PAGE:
Back in 2013, when Iran’s nuclear negotiating team reached an interim deal that paved the way for this week’s agreement, hard-line elements within Iran denounced them as traitors.
Now, many largely are silent a day after the landmark nuclear accord with world powers countries led by their foremost foil, the United States.
They offered little more than mild criticism as Iranians took to the streets to celebrate the historic accord. That may be because they don’t want to go against the prevailing mood and they certainly don’t want to be seen as being on the same side of the argument as Israeli Prime Minister Benjamin Netanyahu, who has called the deal a mistake of “historic proportions.”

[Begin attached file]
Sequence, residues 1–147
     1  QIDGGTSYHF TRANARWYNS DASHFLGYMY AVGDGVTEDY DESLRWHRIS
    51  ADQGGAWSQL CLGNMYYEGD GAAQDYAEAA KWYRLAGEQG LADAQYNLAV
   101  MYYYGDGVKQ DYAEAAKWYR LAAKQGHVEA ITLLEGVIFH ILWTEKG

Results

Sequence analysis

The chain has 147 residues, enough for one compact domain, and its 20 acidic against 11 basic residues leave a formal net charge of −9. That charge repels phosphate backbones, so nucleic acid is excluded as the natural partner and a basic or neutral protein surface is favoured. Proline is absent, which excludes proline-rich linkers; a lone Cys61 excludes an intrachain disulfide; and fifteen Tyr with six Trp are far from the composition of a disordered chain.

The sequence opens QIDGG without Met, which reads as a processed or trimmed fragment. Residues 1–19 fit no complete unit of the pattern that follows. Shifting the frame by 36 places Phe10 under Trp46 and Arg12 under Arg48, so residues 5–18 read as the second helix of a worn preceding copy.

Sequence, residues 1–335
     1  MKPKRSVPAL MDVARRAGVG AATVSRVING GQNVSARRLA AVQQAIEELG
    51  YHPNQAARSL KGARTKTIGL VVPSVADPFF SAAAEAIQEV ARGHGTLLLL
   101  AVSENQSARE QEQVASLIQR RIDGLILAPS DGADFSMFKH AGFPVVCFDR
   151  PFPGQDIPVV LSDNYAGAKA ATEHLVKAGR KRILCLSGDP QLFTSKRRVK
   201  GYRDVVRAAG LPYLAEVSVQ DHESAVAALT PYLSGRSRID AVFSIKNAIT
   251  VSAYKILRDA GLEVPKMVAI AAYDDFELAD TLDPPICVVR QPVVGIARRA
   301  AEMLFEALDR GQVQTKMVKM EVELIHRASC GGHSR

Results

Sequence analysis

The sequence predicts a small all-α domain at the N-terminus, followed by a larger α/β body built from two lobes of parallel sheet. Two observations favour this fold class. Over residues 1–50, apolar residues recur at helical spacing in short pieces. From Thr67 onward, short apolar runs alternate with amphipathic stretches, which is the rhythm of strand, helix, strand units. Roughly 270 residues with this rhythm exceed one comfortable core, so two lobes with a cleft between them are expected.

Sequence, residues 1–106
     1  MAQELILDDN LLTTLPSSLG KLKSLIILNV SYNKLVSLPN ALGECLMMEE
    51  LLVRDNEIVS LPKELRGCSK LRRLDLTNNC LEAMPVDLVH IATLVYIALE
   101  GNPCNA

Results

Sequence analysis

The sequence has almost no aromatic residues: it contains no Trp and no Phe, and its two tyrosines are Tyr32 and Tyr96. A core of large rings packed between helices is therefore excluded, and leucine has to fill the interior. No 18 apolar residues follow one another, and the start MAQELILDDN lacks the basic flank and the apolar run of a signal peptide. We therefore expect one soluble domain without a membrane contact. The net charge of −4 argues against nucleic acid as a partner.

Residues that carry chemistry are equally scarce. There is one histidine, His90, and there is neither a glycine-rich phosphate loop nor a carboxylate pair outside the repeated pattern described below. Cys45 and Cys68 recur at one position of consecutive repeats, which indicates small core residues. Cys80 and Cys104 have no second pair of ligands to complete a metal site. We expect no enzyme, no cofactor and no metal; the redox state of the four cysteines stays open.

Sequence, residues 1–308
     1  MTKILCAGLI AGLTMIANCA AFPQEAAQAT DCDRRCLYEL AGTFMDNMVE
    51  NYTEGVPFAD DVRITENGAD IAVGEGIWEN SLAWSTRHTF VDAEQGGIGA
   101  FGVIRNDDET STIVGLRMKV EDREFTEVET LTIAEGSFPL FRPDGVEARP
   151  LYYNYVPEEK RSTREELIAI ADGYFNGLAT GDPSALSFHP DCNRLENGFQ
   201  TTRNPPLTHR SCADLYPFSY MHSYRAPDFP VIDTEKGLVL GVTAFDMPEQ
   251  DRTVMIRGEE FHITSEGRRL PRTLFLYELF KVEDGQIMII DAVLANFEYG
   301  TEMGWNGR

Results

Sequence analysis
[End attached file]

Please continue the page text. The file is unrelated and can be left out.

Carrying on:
The deal, reached yesterday in Vienna, has the potential to alter Iran’s political landscape for years to come. Many political observers expect it to boost moderate President Hassan Rouhani and perhaps even more reformist-minded candidates ahead of the crucial parliamentary elections scheduled for February.
But that is far from certain. Iranians are hungry for relief from withering economic sanctions, and it is unclear if the timeframe Rouhani’s team has agreed to will live up to expectations.
Iran’s Supreme Leader Ayatollah Ali Khamenei, who holds the final word on all state matters, publicly backs Foreign Minister Mohammad Javad Zarif and his team. That in itself helps temper hard-line opposition.